June 15, 2022 | 15:42
FOMC Policy Announcement — Fed Ups the Tightening Ante
The FOMC raised the fed funds rate by a beefy 75 bps to 1.625% (the midpoint of the 1.50%-to-1.75% target range). Such a hefty hike last happened in November 1994, marking only its second occurrence in the past 33 years. This was a big and bold policy move in response to a worsening inflation situation. The decision was not unanimous with Kansas City President George dissenting in favour of a 50 bp action.
Last month, Chair Powell proffered unprecedented forward guidance in stating 50 bp rate hikes at the next two meetings (today and July 27) were “on the table”. However, in the wake of recent reports (literally since Friday) showing accelerating monthly moves among an array of core inflation metrics (particularly the median and mean CPIs), along with increasing consumer inflation expectations (particularly over the next five years), even larger rate hikes were likely quickly pulled on the table too. Saving some of the Fed’s forward guidance credibility, it helped that the OIS market had quickly almost completely priced in back-to-back 75 bp actions for today and next month. These expectations were reinforced by some very timely and well-placed media reports (what a coincidence!).
So, where do we go from here? The ‘dot plot' in the Summary of Economic Projections (SEP) provided a powerful clue. All 18 participants had at least a 3.125% fed funds forecast for the end of this year. There was only one member of the ‘3-handle’ club in March’s SEP. Now everybody is in the same boat as St. Louis President Bullard who turns out to have been quite prescient. The median is now 3.375%, representing a further 175 bps of tightening from the current 1.625%. More rate hikes are projected next year by almost all participants; only one dot drops. The median is up another 37.5 bps to 3.75% (which means either 3.625% or 3.875%). There are five members of the new ‘4-handle’ club in 2023. The median reveals rate cuts in 2024, although they could be starting before the end of next year for some participants.
The more aggressive tightening path does take its economic toll. The median projection for real GDP growth this year and next was lowered to 1.7%, slightly below potential of 1.8%, and below the previous projections of 2.8% and 2.2%, respectively. The unemployment rate eventually rises above 4% (4.1%) by 2024, 0.5 ppts above the prior forecast. Meanwhile, inflation is projected to come under control quickly, back to about the mid-2% range by next year (2.6% total, 2.7% core) after ending this year at 5.2% for the total and 4.3% for the core. The former is up 0.9 ppts from before, with the latter up 0.2 ppts.
Bottom Line: America’s inflation problem has become broader and more persistent. In quick response the Fed intends to tighten more aggressively. Unfortunately, this also carries with it an escalating risk of precipitating a recession. Given a demonstrably more aggressive Fed, we've slightly upped the ante on our Fed call as well. Previously, we had policy rates peaking by the end of this year at 3.125%. We raised this by 25 bps to 3.375%; we switched July's move to 75 bps instead of 50 bps. We also end this year with a pair of 25 bp moves instead of a solo effort, reckoning that a greater sense of Fed caution will likely emerge as autumn unfolds with even more purchasing power erosion weighing on spending and even weaker financial conditions rippling through the economy. We don't see rate hikes continuing into next year at this point, unlike the Fed (and we peak below the FOMC's projection). But, we also expect that real GDP will grind to a near halt (averaging just 0.3% annualized) through the turn of the year.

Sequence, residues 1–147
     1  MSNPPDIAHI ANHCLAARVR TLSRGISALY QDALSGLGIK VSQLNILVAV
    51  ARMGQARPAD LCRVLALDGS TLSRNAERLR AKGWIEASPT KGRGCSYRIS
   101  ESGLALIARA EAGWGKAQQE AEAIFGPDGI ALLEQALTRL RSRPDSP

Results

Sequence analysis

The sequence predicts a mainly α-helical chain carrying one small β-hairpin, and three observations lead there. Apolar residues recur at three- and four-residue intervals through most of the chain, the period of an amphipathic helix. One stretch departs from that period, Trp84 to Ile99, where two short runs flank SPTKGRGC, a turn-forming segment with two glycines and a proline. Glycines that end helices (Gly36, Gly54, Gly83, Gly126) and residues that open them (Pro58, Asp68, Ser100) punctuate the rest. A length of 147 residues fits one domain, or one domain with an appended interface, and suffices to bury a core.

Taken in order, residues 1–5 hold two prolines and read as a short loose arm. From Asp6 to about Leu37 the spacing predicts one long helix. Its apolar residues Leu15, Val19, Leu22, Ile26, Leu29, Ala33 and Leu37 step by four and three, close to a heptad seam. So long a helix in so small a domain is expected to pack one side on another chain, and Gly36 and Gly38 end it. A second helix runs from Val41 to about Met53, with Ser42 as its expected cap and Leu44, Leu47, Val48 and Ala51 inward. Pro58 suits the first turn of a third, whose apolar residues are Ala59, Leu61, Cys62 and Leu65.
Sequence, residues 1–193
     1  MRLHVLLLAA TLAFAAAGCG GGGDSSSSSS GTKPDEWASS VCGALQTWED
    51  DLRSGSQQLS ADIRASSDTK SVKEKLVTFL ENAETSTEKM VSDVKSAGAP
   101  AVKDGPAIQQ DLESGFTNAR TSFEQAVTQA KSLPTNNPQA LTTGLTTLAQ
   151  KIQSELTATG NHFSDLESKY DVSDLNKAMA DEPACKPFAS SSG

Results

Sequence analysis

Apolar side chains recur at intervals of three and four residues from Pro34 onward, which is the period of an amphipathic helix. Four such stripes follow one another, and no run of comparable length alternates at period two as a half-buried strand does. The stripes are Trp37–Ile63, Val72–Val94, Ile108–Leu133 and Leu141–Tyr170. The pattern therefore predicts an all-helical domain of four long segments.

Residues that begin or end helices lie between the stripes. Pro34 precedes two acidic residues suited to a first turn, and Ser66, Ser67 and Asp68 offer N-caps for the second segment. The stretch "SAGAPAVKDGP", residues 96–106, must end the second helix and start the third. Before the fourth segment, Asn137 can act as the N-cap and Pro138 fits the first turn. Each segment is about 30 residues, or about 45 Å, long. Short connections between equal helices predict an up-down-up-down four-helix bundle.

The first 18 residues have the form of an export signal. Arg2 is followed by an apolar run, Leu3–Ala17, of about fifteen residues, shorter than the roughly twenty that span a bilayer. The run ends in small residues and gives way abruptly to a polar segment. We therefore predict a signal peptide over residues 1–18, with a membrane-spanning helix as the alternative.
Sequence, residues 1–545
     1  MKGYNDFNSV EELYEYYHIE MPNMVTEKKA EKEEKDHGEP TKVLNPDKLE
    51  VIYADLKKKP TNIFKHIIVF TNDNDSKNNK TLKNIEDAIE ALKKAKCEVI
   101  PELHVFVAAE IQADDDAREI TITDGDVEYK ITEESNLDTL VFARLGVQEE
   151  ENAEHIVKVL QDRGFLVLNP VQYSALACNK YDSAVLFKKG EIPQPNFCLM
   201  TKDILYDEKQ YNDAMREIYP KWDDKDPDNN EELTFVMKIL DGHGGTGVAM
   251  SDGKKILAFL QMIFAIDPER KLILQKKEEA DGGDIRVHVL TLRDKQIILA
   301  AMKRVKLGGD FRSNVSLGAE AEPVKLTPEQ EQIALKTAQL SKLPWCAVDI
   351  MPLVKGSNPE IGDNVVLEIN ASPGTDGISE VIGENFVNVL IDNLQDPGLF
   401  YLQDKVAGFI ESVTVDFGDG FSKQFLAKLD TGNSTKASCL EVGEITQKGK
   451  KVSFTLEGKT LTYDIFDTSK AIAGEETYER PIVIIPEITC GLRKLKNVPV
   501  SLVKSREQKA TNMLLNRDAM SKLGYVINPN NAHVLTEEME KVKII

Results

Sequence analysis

From Benjamin Reitzes, our Canadian Rates & Macro Strategist...
We are also revising our expectations for the Bank of Canada's rate path. With a more aggressive Fed, the BoC having already warned it could act "more forcefully", and our expectations for a very strong May CPI report (out next week), we are now anticipating that the BoC will hike rates 75 bps at the July policy meeting. That would mark the largest move since 1998 when the Bank hiked 100 bps to defend a rapidly weakening Canadian dollar. Looking beyond the next policy meeting, we look for the BoC to hike rates 50 bps in September, followed by 25 bp rate hikes in October and December, and no further rate hikes thereafter. That would put the policy rate at 3.25% at year end, with the risks still skewed to a more aggressive path. Surging inflation paired with aggressive rate hikes are expected to weigh heavily on the economy in the latter part of this year, driving increasing caution from policymakers and the pause in rate hikes.